Hungarian Hopelessness-Well review

Poster of the film “Well” (Source: Vertigo Média

The golden era of Hungarian Film was shortly after the second world war. In the midst of communist oppression the arts could flourish as there were issues to talk about from the brutal actions of the state police to the absurd operation of the whole system. However, after the Berlin wall fell, and democracy returned to the other half of Europe everything seemed possible and the euphoria had an affect on the film industry as well. As problems seemed non-existent the quality of pictures started to decline. Now as the shadows of authoritarianism loom over the country, and with the industry getting sufficient funding a new generation of films is getting close to the quality of those in the 1960s. Amongst these is Attila Gigor’s 2016 film Well.

Laci is not doing anything with his life, so his mother decides to take him and introduce him to his father who lives and works at a petrol station near the Austrian-Hungarian border. There he makes a friend in a disabled person and soon a group of prostitutes stop at the station. As they spend more time with each other personal dramas and secrets begin to unveil.

The main focus of Gigor’s film is on hopelessness. Symbolized by the isolated petrol station operated by two people: an alcoholic 60 year old and a cripple. No one wants to be at the station, yet there is nowhere to go from here and nothing to do as hinted by the truck on the road: when it goes out of the country it is empty and has nothing to offer, however on its way back it is full of cars.

The only way to spend time here is to tell stories. It doesn’t matter if they are true or not, as in this life nothing matters. The film perfectly captures the contemporary problems of the left behind Eastern Europe and people’s desperation to get out of it which is either through prostitution or violence. As the bible story is quoted “everyone who drinks from this water will be thirsty again.” In order to get out of their meaningless lives these people have to use violence, or take part in organized crime but in order to keep their standards they have to use more and more which results in an endless circle of violence. This is demonstrated in the film since from a certain point of view in the end the situation is exactly the same as it was in the beginning.  

Scene from the film “Well” (Source: Vertigo Média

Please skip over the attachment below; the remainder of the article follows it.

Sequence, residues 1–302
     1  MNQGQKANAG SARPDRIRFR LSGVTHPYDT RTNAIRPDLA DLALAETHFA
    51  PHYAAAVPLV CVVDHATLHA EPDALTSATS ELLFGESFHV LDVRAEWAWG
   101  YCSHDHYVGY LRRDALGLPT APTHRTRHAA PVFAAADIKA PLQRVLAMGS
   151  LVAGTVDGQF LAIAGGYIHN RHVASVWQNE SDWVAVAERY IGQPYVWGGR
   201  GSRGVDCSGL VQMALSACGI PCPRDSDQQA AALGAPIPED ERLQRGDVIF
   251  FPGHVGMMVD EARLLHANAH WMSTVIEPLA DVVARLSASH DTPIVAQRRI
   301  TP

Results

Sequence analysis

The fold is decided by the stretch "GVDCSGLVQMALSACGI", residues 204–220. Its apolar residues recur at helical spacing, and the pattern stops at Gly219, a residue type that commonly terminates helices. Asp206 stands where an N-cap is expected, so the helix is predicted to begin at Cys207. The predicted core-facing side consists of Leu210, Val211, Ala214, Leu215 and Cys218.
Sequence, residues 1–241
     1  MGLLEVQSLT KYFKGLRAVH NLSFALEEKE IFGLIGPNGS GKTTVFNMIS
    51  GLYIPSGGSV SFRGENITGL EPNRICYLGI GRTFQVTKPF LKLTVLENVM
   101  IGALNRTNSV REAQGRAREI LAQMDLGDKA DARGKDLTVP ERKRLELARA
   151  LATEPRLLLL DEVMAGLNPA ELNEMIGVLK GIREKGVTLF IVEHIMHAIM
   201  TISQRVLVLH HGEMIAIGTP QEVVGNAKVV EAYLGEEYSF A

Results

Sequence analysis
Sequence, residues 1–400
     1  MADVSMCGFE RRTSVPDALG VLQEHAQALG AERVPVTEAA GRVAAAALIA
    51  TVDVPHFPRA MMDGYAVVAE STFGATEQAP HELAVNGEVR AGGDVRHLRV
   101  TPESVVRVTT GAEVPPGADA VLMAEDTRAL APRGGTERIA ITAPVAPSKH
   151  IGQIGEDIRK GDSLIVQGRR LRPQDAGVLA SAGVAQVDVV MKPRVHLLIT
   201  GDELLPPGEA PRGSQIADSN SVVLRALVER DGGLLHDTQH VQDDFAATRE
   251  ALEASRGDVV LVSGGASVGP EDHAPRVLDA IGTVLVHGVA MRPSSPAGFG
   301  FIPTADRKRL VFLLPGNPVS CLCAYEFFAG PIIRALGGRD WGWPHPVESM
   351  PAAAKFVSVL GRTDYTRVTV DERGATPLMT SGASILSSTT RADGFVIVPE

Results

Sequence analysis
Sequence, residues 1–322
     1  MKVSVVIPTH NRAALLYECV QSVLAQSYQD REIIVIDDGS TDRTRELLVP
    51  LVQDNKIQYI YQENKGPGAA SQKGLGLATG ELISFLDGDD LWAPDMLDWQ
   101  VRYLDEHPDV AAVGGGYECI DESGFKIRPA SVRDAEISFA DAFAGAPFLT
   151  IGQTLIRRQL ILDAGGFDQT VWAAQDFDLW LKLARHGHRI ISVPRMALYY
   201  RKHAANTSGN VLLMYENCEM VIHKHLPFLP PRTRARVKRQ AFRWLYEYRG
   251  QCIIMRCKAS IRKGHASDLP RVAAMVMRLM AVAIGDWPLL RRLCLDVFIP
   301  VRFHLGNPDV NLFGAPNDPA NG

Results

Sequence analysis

The film’s cinematography reflects its somber tone. Its blunt colours and minimalistic set design are a perfect addition to the script. The characters are simple yet they feel real thanks to the brilliantly written dialogue that cannot be overshadowed by the mixed quality of acting. Although Nóra Trokán and especially Roland Tzafetás both shine in their roles as the not too bright but likeable prostitute and the story telling cripple (with the help of bigger names in Hungarian acting as side characters), the two thugs played by Ferenc Pusztai and Csaba Horváth, and the Marcsi (Laci’s love interest) played by Niké Kurta fail to live up to their levels.

Well perfectly demonstrates the hopelessness of the Hungarian countryside and manages to reflect to the situation of other left behind regions elswhere in the world. To compare it to better known films its themes and tones are similar to Hell or High Water (2016) or No Country for Old Men (2007).

Scene from the film “Well” (Source: Vertigo Média

When Marcsi confronts Zoli about the unlikelihood of his claims by saying they are “impossible” and “they are just made up stories and this is life” he responds: “There is not much difference.” There is not, because from this point in their lives there is no way out, doesn’t matter what kind of miraculous event happens. With its timely subject material Well proudly stands amongst not only the best contemporary Hungarian films but manages to be understandable and meaningful to a global audience as well, hence it is a perfect introduction to the rich pool of the Eastern European film-selection.

Well, 2016, Directed by Attila Gigor, Starring: Péter Jankovics, Roland Tzafetás, Nóra Trokán, Niké Kurta, Zsolt László, Zsolt Kovács and Lia Pokorny


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